2004 Acura MDX Problems

RepairPal has identified the most common problems with the 2004 Acura MDX as reported by actual vehicle owners. We'll tell you what the problem is and what it'll take to fix it.

Refine by vehicle
×
Choose your vehicle
6
Known Problems

The automatic transmission tends to fail more often than in similar models.

The 2002-2017 Acura MDX may have problems with the EVAP canister vent solenoid. It stops responding to commands to open and close, and the following occurs:

  • Illumination of the check engine light
  • OBD trouble code P1457 is stored
  • Engine takes longer than usual to start
  • Fuel mileage decreases noticeably
  • The valve is located on the charcoal canister, and is meant to open and close upon command. It fails due to corrosion breaking one of two internal seals, which allows air to escape the system, signaling the OBD trouble code P1457.

    Correcting the problem can be done by replacing the vent valve, or, in some cases, cleaning and resealing the vent valve has been successful. You can get an estimate for this repair here.

    A worn, missing, or loose gas cap can cause the same issues.

    The exhaust recirculation valve (EGR) on the 2002-2017 Acura MDX may fail, causing:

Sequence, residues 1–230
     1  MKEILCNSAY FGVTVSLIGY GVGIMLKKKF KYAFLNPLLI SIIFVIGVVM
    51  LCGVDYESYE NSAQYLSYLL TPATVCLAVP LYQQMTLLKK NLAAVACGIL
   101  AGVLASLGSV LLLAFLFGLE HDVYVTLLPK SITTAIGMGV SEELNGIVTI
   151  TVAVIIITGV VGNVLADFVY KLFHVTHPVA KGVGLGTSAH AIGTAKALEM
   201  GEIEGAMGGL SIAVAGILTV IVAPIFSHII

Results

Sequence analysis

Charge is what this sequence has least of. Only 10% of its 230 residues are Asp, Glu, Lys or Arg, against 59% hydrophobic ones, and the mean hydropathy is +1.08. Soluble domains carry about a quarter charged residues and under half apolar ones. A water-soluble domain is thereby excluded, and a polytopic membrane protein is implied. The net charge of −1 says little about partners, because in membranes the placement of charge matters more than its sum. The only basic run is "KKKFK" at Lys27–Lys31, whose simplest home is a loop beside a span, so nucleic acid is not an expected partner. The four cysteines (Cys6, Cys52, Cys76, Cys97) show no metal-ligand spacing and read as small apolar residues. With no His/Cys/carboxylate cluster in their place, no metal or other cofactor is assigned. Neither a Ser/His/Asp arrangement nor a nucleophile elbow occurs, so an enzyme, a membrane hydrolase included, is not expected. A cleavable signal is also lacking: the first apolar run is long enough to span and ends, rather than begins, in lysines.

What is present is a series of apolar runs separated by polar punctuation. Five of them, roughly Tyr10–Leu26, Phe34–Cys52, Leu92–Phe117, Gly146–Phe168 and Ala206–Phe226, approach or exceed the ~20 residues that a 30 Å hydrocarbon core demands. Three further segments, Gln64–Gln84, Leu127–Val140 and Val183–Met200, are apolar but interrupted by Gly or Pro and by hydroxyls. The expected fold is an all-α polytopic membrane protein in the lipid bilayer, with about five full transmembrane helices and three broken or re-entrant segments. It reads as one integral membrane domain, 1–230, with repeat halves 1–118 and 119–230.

• Illumination of the check engine light
  • OBD trouble codes P0401 and P1491
  • Rough idle
  • Reduced fuel economy
  • Engine vibrations
  • Hesitation or stalling
  • Long cranking before engine starts
  • Failure of state or federal smog tests
  • The EGR valve has open and closed positions, and opens or closes on command from the computer.

    Exhaust gases constantly pass through the valve when it is open, leaving carbon deposits on the valve. These carbon deposits may lead the the valve sticking in the open or closed position.

    To correct this issue, sometimes it is sufficient to clean the valve, but replacement is recommended in all cases.

    For further information on your vehicle's issue, try out our diagnostics tool here.

    A shudder or vibration may develop while driving at speeds between 35 and 40 MPH. Our technicians tell us this condition is commonly caused by a failed automatic transmission torque converter. It is recommend to replace the torque converter and install an updated powertrain control module (PCM) to correct this concern.

    To review some comments from the RepairPal community regarding this issue, please click here>>

    The clutch in the torque converter can fail, allowing debris to circulate throughout the automatic transmission.

    Acura issued a recall on a number of 2005 vehicles because the gas tanks were improperly manufactured and could leak in the event of a crash. It is unclear if all the fuel fill issues are related to the recall or not. For more information on this recall please click here»